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dumfries-1920/04-111

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CLOSEBURN.] -- HISTORICAL MONUMENTS (SCOTLAND) COMMISSION. -- [CLOSEBURN.

upper floors have been altered and adapted
for convenience of occupation, and an attic
has been formed within the uppermost vault.
The crenellated parapets of the main building
and of the cap-house are evidently of recent
date. The castle is still inhabited, and is in
excellent repair.
A charter by Alexander II., of the period
1231-1232, confirms a grant of the lands of
Closeburn to Ivo de Kilpatrick. It is copied
into the Glenriddell MSS. ¹ In 1296 William
de Kilpatryk of the valley of Annan is a
prisoner at Windsor; ² and in 1299 Ivo, son
of Stephen de "Killeosborne," died a hostage
at Carlisle. ³

¹ Cf. C. Kirkpatrick Sharpe's Correspondence,
vol. i. p. 552; Grose's Antiquities of Scotland,
i.p. 150; ² Calendar of Documents relating
to Scotland, iv. p. 358; ³ ibid., ii. No. 1179.
xxxi. S.E. -- 6 June 1912.

60. Low Auldgirth. - Adjacent to the farm of
Low Auldgirth are the ruins of a small keep,
consisting of portions of two contiguous walls
some 3 feet 6 inches in thickness. The base-
ment has been vaulted with a simple barrrel-
vault.
xl. N.E. (unnoted). -- 1 May 1913.

DEFENSIVE CONSTRUCTIONS.

61. Fort, Townfoot. - On the western slope
of the moorland, about 1/2 mile to the south-
east of Townfoot farm, is a fort. It is
elliptical in form, lying north-north-wesy and
south-south-east, and shows a broad stony
rampart rising to a height of some 5 feet
above an encircling trench, now scarcely
apparent except at the ends. The rampart
has been considerably despoiled for stones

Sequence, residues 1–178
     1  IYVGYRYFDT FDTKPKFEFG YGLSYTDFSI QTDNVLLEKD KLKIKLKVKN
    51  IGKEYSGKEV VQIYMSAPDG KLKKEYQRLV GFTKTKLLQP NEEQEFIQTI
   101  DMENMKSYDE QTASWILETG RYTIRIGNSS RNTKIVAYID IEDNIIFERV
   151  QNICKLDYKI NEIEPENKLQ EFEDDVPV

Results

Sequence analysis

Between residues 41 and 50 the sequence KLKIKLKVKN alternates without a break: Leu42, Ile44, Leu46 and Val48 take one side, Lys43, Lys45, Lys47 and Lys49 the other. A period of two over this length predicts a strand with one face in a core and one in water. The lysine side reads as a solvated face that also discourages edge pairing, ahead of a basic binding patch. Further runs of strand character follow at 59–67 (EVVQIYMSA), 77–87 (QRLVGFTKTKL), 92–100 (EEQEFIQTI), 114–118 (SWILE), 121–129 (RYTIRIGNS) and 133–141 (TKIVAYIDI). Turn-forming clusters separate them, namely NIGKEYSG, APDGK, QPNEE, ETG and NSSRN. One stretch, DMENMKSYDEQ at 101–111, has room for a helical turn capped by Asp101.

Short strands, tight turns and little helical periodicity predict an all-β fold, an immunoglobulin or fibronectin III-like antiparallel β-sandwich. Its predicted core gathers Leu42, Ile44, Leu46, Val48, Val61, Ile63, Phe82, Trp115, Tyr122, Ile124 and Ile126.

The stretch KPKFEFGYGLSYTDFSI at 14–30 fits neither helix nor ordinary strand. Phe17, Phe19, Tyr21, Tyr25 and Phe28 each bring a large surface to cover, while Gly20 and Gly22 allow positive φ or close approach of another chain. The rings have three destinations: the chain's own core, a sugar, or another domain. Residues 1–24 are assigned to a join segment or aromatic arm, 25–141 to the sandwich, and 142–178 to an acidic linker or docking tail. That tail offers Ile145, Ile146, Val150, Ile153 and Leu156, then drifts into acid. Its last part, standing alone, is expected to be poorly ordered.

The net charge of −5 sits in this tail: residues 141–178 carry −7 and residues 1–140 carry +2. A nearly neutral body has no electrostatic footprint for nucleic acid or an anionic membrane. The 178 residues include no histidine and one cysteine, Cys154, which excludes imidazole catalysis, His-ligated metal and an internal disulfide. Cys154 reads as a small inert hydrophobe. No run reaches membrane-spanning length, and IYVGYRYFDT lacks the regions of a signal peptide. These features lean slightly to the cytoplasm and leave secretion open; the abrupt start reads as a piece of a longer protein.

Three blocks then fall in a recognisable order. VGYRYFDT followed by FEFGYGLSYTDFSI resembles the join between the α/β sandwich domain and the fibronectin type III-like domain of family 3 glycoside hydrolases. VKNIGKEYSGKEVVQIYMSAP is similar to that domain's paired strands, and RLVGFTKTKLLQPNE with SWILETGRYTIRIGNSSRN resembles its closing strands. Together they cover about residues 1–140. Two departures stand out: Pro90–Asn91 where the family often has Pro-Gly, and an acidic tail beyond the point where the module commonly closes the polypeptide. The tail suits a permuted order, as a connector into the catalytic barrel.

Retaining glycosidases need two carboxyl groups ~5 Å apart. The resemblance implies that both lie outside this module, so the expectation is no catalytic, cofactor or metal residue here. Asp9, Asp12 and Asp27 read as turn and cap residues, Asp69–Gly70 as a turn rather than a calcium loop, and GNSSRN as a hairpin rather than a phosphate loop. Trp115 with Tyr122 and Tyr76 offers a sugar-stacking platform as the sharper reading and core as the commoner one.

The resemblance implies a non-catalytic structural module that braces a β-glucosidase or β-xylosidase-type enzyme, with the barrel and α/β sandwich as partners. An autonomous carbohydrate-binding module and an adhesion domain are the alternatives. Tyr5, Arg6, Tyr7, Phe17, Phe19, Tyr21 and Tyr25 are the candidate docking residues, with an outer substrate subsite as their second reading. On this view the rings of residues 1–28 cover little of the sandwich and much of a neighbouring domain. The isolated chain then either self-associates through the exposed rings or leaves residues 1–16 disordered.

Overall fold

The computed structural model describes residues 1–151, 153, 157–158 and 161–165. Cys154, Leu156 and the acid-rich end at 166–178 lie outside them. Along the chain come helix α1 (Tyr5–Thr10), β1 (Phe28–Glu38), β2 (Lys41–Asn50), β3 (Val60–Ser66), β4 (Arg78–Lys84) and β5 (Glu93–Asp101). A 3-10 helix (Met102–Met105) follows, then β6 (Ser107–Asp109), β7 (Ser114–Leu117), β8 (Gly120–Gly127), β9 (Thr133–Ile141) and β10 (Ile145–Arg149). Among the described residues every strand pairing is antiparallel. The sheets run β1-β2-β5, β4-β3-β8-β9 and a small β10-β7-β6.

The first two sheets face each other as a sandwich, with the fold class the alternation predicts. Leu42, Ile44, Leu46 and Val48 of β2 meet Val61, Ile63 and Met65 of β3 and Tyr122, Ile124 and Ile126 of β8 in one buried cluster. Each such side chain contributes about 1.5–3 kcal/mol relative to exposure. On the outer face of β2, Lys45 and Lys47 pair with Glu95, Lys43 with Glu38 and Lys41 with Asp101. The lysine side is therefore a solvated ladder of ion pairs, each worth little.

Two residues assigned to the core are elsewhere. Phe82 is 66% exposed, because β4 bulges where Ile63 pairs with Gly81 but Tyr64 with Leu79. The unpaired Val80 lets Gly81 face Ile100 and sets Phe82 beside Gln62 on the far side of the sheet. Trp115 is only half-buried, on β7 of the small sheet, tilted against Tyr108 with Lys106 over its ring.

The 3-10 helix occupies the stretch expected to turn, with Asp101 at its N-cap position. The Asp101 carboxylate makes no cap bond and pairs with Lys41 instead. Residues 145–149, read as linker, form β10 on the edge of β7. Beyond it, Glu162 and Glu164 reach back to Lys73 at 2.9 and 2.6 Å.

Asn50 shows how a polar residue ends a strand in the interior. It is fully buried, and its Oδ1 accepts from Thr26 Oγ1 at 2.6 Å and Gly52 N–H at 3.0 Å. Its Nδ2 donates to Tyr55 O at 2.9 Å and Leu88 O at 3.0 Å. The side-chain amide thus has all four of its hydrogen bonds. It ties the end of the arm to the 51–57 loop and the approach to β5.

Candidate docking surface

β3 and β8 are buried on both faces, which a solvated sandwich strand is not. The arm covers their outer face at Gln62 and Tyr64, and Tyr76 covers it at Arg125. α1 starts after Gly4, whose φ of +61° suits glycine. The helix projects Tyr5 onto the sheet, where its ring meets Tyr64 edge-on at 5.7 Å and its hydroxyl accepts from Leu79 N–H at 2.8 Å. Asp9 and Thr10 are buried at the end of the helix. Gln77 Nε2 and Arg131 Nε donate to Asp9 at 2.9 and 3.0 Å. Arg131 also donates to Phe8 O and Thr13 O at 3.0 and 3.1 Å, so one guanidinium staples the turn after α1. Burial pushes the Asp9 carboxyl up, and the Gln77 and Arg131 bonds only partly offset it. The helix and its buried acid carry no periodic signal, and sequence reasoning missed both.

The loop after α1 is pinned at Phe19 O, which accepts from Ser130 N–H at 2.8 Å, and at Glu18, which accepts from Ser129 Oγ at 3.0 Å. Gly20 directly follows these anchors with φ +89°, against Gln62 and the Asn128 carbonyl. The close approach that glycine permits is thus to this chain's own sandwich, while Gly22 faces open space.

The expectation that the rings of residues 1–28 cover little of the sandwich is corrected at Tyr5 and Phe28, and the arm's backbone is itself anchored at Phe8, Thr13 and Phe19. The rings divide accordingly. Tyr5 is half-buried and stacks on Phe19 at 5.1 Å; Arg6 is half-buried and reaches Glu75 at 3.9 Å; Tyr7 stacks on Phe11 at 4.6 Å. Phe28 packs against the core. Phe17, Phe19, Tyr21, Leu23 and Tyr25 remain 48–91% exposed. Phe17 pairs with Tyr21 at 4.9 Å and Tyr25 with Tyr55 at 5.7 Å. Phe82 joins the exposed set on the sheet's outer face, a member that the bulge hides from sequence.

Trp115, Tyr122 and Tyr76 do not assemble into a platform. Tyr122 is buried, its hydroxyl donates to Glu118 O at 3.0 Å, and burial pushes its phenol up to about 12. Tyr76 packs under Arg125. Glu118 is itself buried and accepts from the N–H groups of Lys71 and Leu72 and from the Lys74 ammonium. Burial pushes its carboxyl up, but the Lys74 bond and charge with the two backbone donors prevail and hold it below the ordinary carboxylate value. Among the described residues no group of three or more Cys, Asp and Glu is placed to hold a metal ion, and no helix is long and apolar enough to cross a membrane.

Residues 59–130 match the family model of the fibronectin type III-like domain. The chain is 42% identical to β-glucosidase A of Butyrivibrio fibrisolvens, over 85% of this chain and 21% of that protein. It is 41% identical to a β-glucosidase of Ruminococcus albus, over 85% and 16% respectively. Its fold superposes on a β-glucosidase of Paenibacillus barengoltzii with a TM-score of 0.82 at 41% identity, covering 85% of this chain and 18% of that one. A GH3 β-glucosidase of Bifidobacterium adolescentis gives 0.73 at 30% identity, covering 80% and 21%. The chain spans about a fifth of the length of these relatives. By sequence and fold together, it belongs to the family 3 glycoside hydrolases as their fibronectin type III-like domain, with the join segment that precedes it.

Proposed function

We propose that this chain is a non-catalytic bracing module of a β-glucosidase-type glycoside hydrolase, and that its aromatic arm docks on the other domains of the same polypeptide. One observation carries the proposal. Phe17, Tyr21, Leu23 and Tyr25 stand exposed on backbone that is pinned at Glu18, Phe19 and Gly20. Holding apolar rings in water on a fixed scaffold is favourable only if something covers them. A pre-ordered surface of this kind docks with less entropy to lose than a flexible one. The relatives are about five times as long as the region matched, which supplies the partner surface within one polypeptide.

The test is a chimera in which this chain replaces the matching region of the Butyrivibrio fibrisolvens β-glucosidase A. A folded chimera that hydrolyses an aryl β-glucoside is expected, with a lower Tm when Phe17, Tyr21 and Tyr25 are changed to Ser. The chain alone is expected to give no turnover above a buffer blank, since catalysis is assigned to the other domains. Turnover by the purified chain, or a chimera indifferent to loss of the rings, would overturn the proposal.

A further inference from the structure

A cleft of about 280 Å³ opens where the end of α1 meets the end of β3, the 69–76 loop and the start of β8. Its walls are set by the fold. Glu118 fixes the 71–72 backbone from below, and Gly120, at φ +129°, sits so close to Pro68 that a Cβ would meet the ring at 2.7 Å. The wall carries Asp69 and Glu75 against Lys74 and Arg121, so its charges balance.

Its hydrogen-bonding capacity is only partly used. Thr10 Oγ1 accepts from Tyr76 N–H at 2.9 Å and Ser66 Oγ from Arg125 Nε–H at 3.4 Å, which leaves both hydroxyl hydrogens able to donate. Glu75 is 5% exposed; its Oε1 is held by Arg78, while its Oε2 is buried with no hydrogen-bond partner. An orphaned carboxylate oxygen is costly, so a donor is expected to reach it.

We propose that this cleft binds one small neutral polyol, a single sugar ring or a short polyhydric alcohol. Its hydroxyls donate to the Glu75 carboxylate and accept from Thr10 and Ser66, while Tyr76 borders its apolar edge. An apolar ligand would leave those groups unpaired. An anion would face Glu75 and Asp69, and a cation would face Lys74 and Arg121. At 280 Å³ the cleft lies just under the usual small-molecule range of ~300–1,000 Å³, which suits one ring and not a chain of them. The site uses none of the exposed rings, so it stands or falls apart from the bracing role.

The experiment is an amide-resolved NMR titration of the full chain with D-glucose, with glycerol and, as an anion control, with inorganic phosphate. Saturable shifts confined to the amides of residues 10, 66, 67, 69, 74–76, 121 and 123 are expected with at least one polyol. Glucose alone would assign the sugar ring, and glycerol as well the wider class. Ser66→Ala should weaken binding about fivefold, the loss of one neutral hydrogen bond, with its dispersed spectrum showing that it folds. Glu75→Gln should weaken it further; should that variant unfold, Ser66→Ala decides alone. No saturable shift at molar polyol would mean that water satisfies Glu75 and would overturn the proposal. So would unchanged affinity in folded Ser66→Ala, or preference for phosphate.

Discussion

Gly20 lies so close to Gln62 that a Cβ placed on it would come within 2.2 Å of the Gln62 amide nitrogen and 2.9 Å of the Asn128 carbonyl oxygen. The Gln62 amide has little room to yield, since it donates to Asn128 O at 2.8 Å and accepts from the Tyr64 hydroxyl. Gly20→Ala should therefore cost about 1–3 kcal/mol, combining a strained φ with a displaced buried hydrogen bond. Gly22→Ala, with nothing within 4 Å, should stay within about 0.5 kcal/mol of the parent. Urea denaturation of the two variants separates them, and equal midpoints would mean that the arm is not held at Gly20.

along the west side, and there are several
gaps in it. The principal entrance, however,
has evidently been at the north end of the
west side, opening on a slight hollow in the
interior. A stony bank faces the gap and
passes southward, flanking if for some 40 feet,
thereafter passing across the interior towards
the rampart on the east side. On the south
side of the entrance a low stony mound runs
outward as a traverse for a distance of some
30 ffet across the front of it. The length of
the interior is some 230 feet and the breadth

at the centre 175 feet: the rempart at base
0has a breadth of 20 feet where prominent at
the south-east angle, and the trench a width
of 25 feet from cres to crest. The width of
the entrance at ground level is about 7 feet.
The interior is very uneven and stony, showing
in one or two places evident remains of divi-
sional banks or walls, and rushes growing in
several spots suggest the presence of water.
The elevation of the site above sea-level is
800 feet. a section of the "Deil's Dyke"
runs parallel with the west face o the fort,
some 60 feet distant (see No. 80).
xxii. S.E. -- 7 June 1912.

62. Fort, Trigony Wood. - At the end of a
ridge which rises steeply from the northward,
overlooking Trigony House, are the remains of
an oval earthwork. It is situated within a
thick fir wood, so that its outline is now
difficult to follow, while measurements are
almost unobtainable. According to the O.S.
map, the dimensions are approximately 240
by 200 feet. the defence consists of a single
trench, where best preserved some 13 feet in
breadth and now nowhere of greater depth
than 2 feet, with a slight mound above the
scarp, and probably the same above the
counterscarp. along the east side the trench
is barely traceable, and on the north-west
there appears to be a gap of some 60 feet,
where it has disappeared entirely.
xxxi. N.E. -- 12 June 1912.

63. Fort, Crichope Linn. - In the field on the
north and near the head of Crochope Linn, are
the remains of a fort. With its base resting
on the precipitous bank of the Linn about
80 feet in height, it extends to the north-east
with two straight sides some 136 feet apart,
formed of a trench and inner rampart, now
imperfect on the north-west side, which are
connected by a segmental curve towards the
north-east. The lan appears to be an irre-
gular ellipse, with its major axis from north-
east to south-west. along this axis it measures
to the stony dyke which cuts across it at the
side of the Linn 212 feet, and where widest it
extends some 40 feet farther to the edge of the
bank. The surrounding trench has had a
width of about 28 feet from crest to crest,
and, on either side of the entrance, where it is

-- 32

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